Queens Village Veterans Plaza

Queens Village Veterans Plaza

This text is part of Parks’ Historical Signs Project and can be found posted within the park.

Located at the intersection of Springfield Boulevard and Jamaica Avenue, this plaza stands as a memorial to all the American soldiers who fought for their country. Originally built in honor of the fallen soldiers of World War I, this plaza has since been rededicated to commemorate the dead of all of America’s wars.

It has been estimated that of the more than 61.5 million soldiers who fought in World War I (1914-1918), 8.5 million were killed, 7 million were permanently injured or maimed, and 12.5 million received recoverable injuries. The United States entered the war in 1917 and fought for only one year, but the country lost approximately 116,000 men in this brief time.

These men and their surviving colleagues were originally commemorated when President Woodrow Wilson (1856-1924) declared the first anniversary of the armistice, November 11, 1919, as “Armistice Day.” It was the first nationwide commemoration of the war. On November 11, 1921, following the lead of Great Britain and France, the United States laid to rest an “unknown soldier” in Washington, D.C. In the years following that ceremony, 27 states adopted laws declaring November 11 a legal holiday, and the U.S. Congress enacted a resolution on June 4, 1926, asking the President to officially name the day, “Armistice Day.” Twelve years later, in 1938, Armistice Day was made a national holiday.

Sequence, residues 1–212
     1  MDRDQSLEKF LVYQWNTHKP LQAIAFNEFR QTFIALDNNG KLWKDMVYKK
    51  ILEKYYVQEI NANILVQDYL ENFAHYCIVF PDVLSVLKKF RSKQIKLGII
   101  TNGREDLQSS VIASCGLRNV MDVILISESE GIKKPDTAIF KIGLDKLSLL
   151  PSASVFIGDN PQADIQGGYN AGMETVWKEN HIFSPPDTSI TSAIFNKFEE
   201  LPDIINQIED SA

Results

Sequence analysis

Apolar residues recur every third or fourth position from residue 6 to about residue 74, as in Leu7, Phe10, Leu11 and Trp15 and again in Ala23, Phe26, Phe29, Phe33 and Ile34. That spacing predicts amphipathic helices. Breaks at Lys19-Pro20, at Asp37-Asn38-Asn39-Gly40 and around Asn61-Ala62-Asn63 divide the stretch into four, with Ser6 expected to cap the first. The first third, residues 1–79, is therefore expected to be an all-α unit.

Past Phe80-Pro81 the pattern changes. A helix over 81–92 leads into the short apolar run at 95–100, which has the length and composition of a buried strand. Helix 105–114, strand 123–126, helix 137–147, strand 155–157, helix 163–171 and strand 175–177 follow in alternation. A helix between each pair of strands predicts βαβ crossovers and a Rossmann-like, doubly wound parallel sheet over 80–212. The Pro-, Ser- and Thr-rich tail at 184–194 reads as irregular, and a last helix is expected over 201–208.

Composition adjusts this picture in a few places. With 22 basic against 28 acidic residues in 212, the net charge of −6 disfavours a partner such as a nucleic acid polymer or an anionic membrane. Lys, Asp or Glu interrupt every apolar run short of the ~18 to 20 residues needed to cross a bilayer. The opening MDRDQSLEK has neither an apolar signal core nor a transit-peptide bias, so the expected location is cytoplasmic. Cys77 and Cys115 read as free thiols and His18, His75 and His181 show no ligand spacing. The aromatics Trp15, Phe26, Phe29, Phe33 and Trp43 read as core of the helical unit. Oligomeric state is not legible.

In World War II (1939-45), the United States lost 407,318 soldiers. In 1947, barely two years after the end of the hostilities, the first “Veteran’s Day” parade in honor of all of America’s veterans marched through Birmingham, Alabama. On June 1, 1954 President Eisenhower (1890-1969) signed a bill officially changing the name Armistice Day to Veterans Day. In 1958, two unknown soldiers were reinterred alongside the unknown soldier of World War I. One died in World War II and the other in the Korean War (1950-1953). In 1973 a law passed to add an unknown soldier who perished in the Vietnam War (1945-1973). That soldier was interred in 1984.

The City acquired this land in 1927, and it was assigned to Parks on January 13, 1932. The Board of Aldermen named the parkland Queens Village Veterans Plaza on November 1, 1932. The site contains a sitting area with a covered stage, a flagpole with a yardarm, and a monument to those who served in all wars.

Directions to Queens Village Veterans Plaza

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